After A Disaster, This Is What Flight Attendants Want You To Know

Flight attendants take on a crucial role after any airline incident, and in the wake of the latest Germanwings tragedy, it is no different.
This post was published on the now-closed HuffPost Contributor platform. Contributors control their own work and posted freely to our site. If you need to flag this entry as abusive, send us an email.

After any airline incident, flight attendants take on an even more crucial role. In the wake of the Germanwings tragedy, it is no different. Passengers want to know they are safe. As we carry on with continually-booked flights, it makes sense that we look to airlines and flight attendants to make us feel better. Here is what flight attendants everywhere would like you to know:

1. Flying is still safe.

We flight attendants know that we are all safer in the sky than in a car, and we know flying is still one of the safest modes of transportation. Do your own research and see. (If you look up car accident statistics compared with aviation accidents, you may actually become afraid of driving!) Another tool that eased my mind is Flight Aware, which allows you to view aircraft traffic around any airport. You will be amazed at how many airplanes are flying around that one airport, putting the sheer number of safe flights in perspective.

2. The media doesn't necessarily reflect our views.

One thing that needs to be addressed is that the media can sometimes compromise our security! Time and time again, more than a few reporters and news outlets disclose what is supposed to be secured information. We all need to stay vigilant. Publicizing airline security measures to boost ratings is not ok. Flight attendants would like the media to respect the boundaries of our security measures and not disclose this information to the public.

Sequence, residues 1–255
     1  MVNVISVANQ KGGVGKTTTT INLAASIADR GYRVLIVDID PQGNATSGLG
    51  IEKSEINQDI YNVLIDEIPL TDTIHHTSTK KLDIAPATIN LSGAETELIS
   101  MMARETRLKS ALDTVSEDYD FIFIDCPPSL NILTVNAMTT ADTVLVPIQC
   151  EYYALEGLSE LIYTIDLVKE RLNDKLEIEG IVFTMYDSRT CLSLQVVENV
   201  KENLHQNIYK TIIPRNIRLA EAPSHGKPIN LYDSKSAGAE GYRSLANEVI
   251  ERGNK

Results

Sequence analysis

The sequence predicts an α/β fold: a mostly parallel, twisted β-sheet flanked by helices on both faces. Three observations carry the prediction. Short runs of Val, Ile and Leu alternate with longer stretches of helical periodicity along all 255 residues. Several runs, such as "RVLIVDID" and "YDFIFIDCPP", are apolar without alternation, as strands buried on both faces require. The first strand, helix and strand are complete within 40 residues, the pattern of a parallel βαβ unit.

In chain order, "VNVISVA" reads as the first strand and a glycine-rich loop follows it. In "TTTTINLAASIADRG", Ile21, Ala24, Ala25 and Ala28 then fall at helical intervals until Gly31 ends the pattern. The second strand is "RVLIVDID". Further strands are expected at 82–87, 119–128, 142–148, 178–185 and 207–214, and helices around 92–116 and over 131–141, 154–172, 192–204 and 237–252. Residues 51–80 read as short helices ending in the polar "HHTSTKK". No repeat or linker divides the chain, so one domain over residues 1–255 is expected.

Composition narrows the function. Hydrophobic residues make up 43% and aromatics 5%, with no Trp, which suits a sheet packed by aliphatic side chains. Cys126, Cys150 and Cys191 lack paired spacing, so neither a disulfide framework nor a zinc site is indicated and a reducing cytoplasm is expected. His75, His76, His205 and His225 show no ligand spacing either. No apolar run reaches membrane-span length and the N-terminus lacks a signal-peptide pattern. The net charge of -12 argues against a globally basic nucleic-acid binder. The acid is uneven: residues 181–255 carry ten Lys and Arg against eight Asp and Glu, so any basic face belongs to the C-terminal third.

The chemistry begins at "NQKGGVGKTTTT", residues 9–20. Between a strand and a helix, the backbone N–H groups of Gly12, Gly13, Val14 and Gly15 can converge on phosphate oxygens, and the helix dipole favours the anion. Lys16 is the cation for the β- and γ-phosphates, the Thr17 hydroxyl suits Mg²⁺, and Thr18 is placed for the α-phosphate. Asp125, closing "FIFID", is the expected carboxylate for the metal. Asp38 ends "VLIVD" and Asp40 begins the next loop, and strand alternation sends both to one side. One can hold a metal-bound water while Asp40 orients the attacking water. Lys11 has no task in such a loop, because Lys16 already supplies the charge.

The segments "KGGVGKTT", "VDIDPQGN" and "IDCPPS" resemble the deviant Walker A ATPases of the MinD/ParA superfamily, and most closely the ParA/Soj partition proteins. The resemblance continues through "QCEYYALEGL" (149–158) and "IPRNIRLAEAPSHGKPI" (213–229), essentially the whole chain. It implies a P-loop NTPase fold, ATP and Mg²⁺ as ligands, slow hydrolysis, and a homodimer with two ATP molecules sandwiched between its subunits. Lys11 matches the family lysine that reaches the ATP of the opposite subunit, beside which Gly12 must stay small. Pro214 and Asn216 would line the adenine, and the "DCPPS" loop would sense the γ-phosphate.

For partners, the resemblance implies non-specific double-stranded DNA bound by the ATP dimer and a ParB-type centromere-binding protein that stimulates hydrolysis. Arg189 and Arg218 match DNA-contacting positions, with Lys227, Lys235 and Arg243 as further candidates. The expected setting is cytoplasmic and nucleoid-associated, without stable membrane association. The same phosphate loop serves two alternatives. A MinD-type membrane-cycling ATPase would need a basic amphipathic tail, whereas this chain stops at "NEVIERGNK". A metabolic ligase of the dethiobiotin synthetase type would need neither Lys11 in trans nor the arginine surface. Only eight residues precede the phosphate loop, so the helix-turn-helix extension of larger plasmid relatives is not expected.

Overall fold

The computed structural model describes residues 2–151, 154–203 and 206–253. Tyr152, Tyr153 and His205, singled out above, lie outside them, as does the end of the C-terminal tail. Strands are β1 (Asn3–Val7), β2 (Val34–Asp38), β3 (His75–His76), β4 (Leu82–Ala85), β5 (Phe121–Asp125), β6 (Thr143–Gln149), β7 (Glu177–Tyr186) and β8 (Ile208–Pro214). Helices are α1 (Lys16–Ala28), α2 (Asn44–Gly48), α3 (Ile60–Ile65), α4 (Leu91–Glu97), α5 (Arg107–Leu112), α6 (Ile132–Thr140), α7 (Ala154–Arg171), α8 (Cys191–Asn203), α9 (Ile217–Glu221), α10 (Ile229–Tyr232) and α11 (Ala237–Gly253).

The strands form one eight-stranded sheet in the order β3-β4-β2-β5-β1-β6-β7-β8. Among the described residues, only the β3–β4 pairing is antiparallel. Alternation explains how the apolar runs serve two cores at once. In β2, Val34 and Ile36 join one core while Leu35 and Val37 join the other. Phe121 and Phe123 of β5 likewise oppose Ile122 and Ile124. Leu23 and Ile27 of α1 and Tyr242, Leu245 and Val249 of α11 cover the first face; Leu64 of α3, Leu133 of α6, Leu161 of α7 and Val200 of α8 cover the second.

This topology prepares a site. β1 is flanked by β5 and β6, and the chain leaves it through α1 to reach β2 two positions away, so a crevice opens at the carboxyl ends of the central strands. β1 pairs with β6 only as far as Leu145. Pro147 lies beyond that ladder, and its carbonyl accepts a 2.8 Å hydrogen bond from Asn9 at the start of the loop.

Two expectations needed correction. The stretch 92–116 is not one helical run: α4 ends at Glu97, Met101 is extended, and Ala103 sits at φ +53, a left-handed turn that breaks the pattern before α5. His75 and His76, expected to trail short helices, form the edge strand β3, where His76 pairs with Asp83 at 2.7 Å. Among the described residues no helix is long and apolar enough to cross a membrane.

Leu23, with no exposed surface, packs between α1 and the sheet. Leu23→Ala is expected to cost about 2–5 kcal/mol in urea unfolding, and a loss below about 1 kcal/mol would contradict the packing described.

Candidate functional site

3. There are ways to calm your fear of flying.

Flight attendants are a family no matter the uniform, and any airline tragedy is devastating to us. Our hearts go out to our brothers and sisters at Germanwings, and our hearts hurt too. This incident causes flight attendants anxiety just like anyone else. In the U.S. most airlines thankfully have resources like the Employee Assistant Program (EAP) to help when needed. If you have fears about an upcoming flight, then practice a news fast before an upcoming trip, meditate before travel, and look to your flight attendants for reassurance. A book I always recommend is Gavin De Becker's The Gift of Fear. This book does much to empower you and helps you differentiate true fear from ongoing anxiety.

4. And we're doing our best to make flights safe, too.

Flight attendants work to not become complacent. Flight attendants attend mandatory training once a year to hone and review the skills they are taught in initial training. Flight and cabin crews attend crew briefings prior to the start of any trip. This is an important safety measure to make sure the entire crew is on the same page. Passengers can help by making the flight attendants aware of any concerns that they may have. While flight attendants are the eyes and ears of the cabin, they can't possibly be everywhere at all times. If you notice something unusual, let us know.

In any aviation incident we can take solace in the fact that from most tragedies come lessons and safety improvements. Let's hope this is true as the details unfold for Germanwings Flight 9525.

Go To Homepage